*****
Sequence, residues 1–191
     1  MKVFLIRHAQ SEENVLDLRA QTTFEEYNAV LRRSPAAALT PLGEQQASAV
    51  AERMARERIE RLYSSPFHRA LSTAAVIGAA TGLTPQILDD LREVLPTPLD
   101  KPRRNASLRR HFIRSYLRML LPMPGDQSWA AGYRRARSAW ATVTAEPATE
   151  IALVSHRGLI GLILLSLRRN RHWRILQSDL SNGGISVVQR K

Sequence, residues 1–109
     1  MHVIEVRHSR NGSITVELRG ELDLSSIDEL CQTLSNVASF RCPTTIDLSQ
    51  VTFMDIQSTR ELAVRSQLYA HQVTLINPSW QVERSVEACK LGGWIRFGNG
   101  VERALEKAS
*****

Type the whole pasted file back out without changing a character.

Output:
Sequence, residues 1–191
     1  MKVFLIRHAQ SEENVLDLRA QTTFEEYNAV LRRSPAAALT PLGEQQASAV
    51  AERMARERIE RLYSSPFHRA LSTAAVIGAA TGLTPQILDD LREVLPTPLD
   101  KPRRNASLRR HFIRSYLRML LPMPGDQSWA AGYRRARSAW ATVTAEPATE
   151  IALVSHRGLI GLILLSLRRN RHWRILQSDL SNGGISVVQR K

Sequence, residues 1–109
     1  MHVIEVRHSR NGSITVELRG ELDLSSIDEL CQTLSNVASF RCPTTIDLSQ
    51  VTFMDIQSTR ELAVRSQLYA HQVTLINPSW QVERSVEACK LGGWIRFGNG
   101  VERALEKAS